And, this is where The Retrieval finds its real storytelling power as the veil of institutionalized slavery begins to lift from Will's eyes, and he makes a connection to another human being that isn't controlled by outside forces.  He is torn between his fear of the bounty hunter and his affection for Nate, and the most intense moments come when Will tries to reconcile one with the other and slowly realizes he can't and must make a choice.

This is a film that moves along with a quiet strength with characters that exist in a world where only hard choices exist when they exist at all.  And, moments of honest care and affection shine all the more brilliantly as a result.  A truly remarkable film.

Saturday, May 21, 2016

The Truth of Death

Death is sad.  Death is tragic.  Death is something to be mourned.

These are the messages we are given from very early on about one of the most enigmatic and inevitable experiences of human existence.  Death is an emotional path that requires an expression of grief, some kind of outlet for the torrent of feeling that results when we walk through it.  That, at least, is what we mean whenever we talk about death, usually in hushed voices with solemn looks on our faces.  

But, we never talk about or, perhaps more accurately, never realize that our perception of death is completely informed by our experiences in life.  Death only derives meaning from the knowledge and memories we bring to bear on it.  This is why we don't universally mourn every death we experience in the exact same way.  Death isn't necessarily something that is sad or tragic, and it certainly isn't always a cause to mourn.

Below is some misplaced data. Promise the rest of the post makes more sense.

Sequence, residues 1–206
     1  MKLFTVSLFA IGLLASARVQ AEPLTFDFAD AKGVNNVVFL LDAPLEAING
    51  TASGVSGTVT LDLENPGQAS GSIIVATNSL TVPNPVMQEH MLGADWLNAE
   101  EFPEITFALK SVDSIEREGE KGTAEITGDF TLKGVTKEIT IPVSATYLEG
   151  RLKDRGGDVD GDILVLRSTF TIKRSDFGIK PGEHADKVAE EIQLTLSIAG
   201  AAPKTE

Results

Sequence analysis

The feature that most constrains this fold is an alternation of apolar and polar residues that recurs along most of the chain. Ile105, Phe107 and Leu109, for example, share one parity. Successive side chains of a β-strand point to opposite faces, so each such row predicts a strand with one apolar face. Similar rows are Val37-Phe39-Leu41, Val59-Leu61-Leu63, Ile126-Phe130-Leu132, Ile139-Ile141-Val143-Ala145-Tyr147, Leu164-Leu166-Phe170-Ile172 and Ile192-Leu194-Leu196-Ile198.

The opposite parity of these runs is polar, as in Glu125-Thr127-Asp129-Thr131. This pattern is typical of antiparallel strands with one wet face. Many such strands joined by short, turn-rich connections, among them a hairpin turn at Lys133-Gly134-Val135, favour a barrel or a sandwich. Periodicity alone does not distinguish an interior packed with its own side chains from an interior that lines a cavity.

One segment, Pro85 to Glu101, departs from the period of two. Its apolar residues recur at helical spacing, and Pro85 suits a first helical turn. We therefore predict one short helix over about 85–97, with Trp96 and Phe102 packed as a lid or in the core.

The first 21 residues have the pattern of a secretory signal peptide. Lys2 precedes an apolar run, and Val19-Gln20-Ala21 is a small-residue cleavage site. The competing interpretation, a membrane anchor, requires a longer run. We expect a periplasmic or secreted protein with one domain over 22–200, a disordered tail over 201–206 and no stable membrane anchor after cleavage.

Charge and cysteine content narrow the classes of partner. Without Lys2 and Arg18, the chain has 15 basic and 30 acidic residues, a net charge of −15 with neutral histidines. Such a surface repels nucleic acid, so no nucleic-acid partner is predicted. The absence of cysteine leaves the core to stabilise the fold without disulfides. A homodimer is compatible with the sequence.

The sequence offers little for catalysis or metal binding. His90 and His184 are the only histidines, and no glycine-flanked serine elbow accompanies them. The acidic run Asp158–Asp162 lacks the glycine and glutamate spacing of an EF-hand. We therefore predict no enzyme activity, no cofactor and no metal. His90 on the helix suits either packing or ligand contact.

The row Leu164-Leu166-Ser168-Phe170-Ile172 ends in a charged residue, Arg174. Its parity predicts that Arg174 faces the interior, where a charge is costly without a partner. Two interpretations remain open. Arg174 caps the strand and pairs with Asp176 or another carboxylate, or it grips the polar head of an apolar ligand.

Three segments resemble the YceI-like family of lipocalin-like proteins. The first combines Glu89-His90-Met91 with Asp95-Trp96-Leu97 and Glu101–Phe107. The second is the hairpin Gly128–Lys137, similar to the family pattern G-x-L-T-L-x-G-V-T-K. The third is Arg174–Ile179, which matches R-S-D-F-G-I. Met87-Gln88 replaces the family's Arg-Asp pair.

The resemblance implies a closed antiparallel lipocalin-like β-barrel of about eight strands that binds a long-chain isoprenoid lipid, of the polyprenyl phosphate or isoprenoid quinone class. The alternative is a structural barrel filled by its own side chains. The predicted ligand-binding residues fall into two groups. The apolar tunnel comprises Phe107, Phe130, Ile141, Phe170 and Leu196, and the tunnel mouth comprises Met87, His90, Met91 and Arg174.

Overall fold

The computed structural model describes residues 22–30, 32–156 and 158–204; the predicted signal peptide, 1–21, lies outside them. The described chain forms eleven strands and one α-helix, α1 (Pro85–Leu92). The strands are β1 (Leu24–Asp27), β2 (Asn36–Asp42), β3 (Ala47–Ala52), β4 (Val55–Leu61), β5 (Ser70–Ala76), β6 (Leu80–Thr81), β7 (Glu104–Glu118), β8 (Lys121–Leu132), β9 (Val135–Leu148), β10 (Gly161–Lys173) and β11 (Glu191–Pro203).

Let me give you an example that runs the risk of making me look like a resentful jerk but best illustrates the point I'm trying to make.

Years ago, when I was in between colleges and preparing to go back to school to earn my teaching degree, I worked at a local store I will not reveal owned by a woman I will not name.  I am being deliberately vague because I did not like this woman, but she has passed on and still has family in the area.  Although I intend to be as honest and accurate as I can in this blog post, I have no wish to disrespect their good memories of her just because mine are not.

My experience working for her was a series of belittling events in which she insulted my intelligence, my then-current life/career choices, and even members of my family.  She was never overtly mean and nasty, but her approach was a subtle needling here, a snide comment there, none of which she could ever be called out on without her being able to do some back-peddling and all of which created an atmosphere of unease and discomfort whenever I was at work.

The interesting thing is that she was like this to many people, not just me, and she earned a reputation for being a rather nasty sort.

My time working for her ended when she called me up at home to ream me out for having rung up some items incorrectly on the cash register.  I was at fault - it was certainly a stupid, careless mistake - and, as owner of the business, she was well within her right to hold me accountable for it.  However, calling me at home, interrupting my private life with her rantings and accusations, was completely uncalled for.